Talent Gap Reason 2: Procurement is in Need of Tech Support – And Lots of it, too

In a 2017 McKinsey Quarterly article, the authors shared survey results of 310 companies, in which it found that only 2% focused their forward-looking digital strategies on supply chain enablement.

However, is it solely a technology adoption issue? Technology has made significant advancements in critical areas such as user interface and much shorter implementation timelines. That said, systemic inefficiencies, including poorly aligned data governance models, seem to present the most significant obstacles to both adoption and implementation of digital strategies.

In other words, to get to the point of capitalizing on promises of improved efficiency procurement teams must first chase down and align lots of unstructured data sources for which they hardly have the necessary resources and cycles.

As a result, procurement’s ability to invest in strategic, value-add sourcing activities such as tail spend management and partnering with suppliers on their innovation investments is significantly hampered. Such limitations would seem to explain why the 2019 global CPO survey by Deloitte’s found that the majority of CPOs are not satisfied with the results of their digital initiatives.

Talent perspective: With procurement professionals spending an excessive amount of time on low-value-add tasks, few will be able to take the time to develop the skills, competencies, and relationships required to be effective in the digital age.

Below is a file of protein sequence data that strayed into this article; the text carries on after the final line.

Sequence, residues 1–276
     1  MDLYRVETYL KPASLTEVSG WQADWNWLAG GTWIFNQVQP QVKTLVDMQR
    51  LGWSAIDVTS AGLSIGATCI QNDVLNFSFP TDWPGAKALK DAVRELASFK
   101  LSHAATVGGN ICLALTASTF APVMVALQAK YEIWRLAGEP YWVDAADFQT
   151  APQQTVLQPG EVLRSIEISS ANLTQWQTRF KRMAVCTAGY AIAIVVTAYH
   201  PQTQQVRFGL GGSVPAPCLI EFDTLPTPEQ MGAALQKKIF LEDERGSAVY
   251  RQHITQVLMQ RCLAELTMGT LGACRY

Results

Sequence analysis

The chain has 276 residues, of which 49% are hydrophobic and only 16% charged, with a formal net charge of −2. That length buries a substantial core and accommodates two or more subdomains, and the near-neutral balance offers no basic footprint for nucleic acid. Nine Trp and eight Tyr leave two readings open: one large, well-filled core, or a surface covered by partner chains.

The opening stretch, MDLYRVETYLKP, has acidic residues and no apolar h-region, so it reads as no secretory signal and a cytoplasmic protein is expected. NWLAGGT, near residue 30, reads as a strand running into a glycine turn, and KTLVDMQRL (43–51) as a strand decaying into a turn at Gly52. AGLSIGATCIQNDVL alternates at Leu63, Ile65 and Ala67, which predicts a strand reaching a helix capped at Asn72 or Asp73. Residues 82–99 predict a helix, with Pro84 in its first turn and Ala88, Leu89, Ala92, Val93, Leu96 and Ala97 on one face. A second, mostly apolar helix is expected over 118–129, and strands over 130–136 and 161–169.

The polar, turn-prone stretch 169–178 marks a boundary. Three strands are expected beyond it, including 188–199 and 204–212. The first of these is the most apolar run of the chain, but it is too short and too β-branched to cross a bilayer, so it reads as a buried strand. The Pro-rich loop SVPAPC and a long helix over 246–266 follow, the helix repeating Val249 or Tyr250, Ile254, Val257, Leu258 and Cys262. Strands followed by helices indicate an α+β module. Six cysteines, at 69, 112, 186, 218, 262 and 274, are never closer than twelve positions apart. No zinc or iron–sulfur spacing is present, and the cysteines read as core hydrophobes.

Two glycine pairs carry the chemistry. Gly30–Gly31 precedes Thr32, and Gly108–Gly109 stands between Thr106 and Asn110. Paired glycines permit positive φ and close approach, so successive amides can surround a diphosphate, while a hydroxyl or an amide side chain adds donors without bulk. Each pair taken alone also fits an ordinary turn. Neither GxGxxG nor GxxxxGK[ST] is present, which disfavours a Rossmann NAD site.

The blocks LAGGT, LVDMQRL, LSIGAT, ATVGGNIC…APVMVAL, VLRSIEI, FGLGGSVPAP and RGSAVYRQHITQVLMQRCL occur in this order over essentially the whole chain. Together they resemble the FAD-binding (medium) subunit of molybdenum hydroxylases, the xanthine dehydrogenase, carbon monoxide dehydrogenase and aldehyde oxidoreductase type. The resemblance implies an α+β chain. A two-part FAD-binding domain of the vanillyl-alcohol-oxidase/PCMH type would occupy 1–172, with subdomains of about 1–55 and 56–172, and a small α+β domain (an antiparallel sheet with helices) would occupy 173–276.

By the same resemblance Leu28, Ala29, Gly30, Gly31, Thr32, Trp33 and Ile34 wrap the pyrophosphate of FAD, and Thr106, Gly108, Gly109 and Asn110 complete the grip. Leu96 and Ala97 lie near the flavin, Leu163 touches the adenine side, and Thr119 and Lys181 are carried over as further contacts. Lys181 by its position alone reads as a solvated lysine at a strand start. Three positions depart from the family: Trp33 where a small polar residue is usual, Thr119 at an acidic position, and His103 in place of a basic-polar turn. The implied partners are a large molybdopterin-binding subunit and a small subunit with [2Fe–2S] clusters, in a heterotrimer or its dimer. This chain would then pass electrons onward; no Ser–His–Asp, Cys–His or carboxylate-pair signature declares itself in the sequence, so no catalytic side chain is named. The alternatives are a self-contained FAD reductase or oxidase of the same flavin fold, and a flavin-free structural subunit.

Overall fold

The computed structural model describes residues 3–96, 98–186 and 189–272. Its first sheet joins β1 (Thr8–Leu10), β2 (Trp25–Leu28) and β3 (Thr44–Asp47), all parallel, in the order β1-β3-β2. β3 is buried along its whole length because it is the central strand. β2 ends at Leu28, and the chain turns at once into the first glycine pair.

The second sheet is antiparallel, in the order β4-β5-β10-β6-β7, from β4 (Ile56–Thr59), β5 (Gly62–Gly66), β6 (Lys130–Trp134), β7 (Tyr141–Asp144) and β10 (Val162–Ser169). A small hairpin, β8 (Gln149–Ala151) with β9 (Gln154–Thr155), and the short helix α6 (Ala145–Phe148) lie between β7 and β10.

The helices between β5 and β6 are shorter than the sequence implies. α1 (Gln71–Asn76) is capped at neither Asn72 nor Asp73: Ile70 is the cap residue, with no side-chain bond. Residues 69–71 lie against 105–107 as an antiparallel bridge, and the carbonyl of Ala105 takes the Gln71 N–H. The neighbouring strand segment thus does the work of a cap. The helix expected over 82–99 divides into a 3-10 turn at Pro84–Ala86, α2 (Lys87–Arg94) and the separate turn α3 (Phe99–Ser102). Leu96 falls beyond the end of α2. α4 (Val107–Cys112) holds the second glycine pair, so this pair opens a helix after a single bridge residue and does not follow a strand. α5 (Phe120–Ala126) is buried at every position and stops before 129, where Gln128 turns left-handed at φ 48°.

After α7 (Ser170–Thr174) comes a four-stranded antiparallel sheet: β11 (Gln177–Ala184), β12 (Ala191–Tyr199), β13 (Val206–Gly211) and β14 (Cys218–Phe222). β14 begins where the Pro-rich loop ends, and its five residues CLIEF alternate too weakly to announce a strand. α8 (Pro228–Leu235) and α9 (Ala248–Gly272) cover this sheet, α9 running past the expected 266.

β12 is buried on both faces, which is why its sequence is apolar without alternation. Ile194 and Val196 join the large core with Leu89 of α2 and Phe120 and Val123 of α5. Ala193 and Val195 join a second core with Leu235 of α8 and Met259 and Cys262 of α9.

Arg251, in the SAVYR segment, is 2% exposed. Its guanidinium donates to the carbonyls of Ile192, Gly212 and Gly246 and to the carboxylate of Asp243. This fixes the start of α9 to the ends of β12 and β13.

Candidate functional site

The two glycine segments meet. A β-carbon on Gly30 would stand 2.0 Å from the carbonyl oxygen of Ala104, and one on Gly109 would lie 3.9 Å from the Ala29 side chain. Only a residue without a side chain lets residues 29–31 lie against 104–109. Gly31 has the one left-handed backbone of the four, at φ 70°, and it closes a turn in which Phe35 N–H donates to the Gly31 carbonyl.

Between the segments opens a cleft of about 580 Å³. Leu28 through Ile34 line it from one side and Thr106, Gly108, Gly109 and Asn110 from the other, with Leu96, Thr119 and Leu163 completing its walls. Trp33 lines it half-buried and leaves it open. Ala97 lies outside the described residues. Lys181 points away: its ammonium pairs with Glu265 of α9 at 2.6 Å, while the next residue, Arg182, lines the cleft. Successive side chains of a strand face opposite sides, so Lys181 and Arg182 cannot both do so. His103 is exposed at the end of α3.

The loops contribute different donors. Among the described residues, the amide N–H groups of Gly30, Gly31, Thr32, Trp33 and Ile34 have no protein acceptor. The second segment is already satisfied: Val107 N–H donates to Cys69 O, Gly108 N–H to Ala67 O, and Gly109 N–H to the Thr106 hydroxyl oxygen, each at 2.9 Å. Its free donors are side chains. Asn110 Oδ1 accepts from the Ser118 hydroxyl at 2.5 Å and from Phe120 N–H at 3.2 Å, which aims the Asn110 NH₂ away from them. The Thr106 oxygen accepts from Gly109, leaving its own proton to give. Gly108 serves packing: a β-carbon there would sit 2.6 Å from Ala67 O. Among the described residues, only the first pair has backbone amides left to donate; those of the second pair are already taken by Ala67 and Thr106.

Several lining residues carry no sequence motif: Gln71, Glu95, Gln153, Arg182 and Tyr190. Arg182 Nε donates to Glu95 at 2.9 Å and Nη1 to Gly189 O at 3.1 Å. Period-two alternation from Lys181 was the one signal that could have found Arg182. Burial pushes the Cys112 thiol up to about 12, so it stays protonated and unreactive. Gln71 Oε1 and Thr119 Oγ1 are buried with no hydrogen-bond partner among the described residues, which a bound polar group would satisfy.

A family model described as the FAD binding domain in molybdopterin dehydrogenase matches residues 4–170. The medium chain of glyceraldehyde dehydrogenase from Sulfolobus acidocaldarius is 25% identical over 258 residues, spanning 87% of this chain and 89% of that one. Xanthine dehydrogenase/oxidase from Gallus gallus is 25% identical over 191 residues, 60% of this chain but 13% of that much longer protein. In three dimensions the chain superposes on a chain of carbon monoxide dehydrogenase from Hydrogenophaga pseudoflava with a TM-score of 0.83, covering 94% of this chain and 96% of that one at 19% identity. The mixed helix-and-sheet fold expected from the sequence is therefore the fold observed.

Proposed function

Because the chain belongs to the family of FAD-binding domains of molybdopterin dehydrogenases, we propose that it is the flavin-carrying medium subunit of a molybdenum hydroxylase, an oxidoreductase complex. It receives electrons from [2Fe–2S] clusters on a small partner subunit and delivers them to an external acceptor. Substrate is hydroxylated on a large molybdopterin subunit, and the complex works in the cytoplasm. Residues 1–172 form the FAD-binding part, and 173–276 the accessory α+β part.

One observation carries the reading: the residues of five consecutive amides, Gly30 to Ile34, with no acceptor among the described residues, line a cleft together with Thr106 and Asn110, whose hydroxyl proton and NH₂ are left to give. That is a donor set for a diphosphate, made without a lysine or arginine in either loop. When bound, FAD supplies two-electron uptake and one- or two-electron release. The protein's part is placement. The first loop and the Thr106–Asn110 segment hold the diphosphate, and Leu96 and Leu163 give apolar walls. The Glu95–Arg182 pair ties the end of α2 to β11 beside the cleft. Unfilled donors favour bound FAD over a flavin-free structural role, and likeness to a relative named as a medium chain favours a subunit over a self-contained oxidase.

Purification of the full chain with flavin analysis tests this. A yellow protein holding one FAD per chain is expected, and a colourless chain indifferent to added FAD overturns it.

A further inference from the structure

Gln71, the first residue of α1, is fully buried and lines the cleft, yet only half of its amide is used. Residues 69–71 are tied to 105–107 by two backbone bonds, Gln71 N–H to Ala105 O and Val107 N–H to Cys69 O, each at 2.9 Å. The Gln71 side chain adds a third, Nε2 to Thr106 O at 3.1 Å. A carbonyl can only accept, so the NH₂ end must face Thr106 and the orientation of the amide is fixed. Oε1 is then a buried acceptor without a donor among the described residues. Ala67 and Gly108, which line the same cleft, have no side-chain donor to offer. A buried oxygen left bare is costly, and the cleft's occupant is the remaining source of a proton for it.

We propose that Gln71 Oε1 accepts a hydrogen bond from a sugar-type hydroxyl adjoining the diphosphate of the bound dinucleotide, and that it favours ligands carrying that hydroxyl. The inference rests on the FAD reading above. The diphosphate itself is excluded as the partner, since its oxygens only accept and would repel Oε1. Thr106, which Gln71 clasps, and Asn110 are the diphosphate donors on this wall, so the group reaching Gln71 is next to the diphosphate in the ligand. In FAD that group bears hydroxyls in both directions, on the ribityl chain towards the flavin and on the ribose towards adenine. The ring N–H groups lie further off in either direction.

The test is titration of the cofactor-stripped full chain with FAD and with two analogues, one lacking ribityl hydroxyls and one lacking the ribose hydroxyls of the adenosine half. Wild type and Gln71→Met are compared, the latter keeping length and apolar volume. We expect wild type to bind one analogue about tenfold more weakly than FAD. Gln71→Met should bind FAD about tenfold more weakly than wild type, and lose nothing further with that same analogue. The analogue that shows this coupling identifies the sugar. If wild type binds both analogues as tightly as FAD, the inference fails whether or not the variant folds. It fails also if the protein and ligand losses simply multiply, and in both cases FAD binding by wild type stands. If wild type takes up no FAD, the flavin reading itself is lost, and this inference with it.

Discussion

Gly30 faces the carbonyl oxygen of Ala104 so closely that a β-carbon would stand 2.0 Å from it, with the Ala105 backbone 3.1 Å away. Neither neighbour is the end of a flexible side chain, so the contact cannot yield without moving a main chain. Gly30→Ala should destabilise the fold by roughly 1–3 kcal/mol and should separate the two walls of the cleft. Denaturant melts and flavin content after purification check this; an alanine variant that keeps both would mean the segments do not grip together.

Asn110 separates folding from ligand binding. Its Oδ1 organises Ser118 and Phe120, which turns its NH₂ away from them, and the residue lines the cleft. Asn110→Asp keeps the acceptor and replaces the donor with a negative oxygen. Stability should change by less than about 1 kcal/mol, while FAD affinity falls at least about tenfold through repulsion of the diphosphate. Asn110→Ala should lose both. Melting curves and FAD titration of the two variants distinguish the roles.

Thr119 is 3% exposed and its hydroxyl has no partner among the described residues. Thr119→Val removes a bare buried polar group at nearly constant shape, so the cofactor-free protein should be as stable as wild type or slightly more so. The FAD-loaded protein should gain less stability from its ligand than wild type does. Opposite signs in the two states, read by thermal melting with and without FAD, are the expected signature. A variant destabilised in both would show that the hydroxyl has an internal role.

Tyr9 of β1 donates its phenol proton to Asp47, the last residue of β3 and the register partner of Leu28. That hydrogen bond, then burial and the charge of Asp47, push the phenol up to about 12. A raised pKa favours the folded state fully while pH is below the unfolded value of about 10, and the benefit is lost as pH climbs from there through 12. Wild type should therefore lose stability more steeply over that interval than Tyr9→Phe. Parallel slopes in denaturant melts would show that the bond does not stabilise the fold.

The Solution: Bridging the talent gap isn’t a matter of merely acquiring new skills. While there are new areas of competency to develop, the issue is not one of a lack of will or ability, but a lack of time and resources. Specifically, emerging technologies may provide the opportunities for procurement to become more strategic, the persistent and inherent systemic inefficiencies to get to the point of leveraging said technology is the main challenge.

Unless procurement gets the needed support to accomplish the latter from senior management, the gap will continue to exist unnecessarily. In a follow-up article, we will focus specifically on what leadership needs to do to provide the necessary support to address the talent gap in procurement.

Our Guest Blogger:

Sören Petsch, Vice President, Global Procurement – Alliance Data card services

Decisive leader with two decades of highly complementary PROCUREMENT, FINANCE & CONSULTING experience in banking and retail. Proven ability to lead complex transformation initiatives by leveraging significant cross-functional experience. Past positions include consulting with Bain & Company, Director of Finance with Spiegel & Victoria’s Secret and Director of Procurement & Associate VP for L Brands.

We would like to invite you to also listen to the first podcast in a five-part series of lectures on How To Find And Hire Your Next Great CPO. In this segment, former procurement executive for Vodafone, T-Mobile, Pearson and Philips, Stephen Day provides a detailed overview of the four main reasons why we are now experiencing a talent shortage in the procurement world.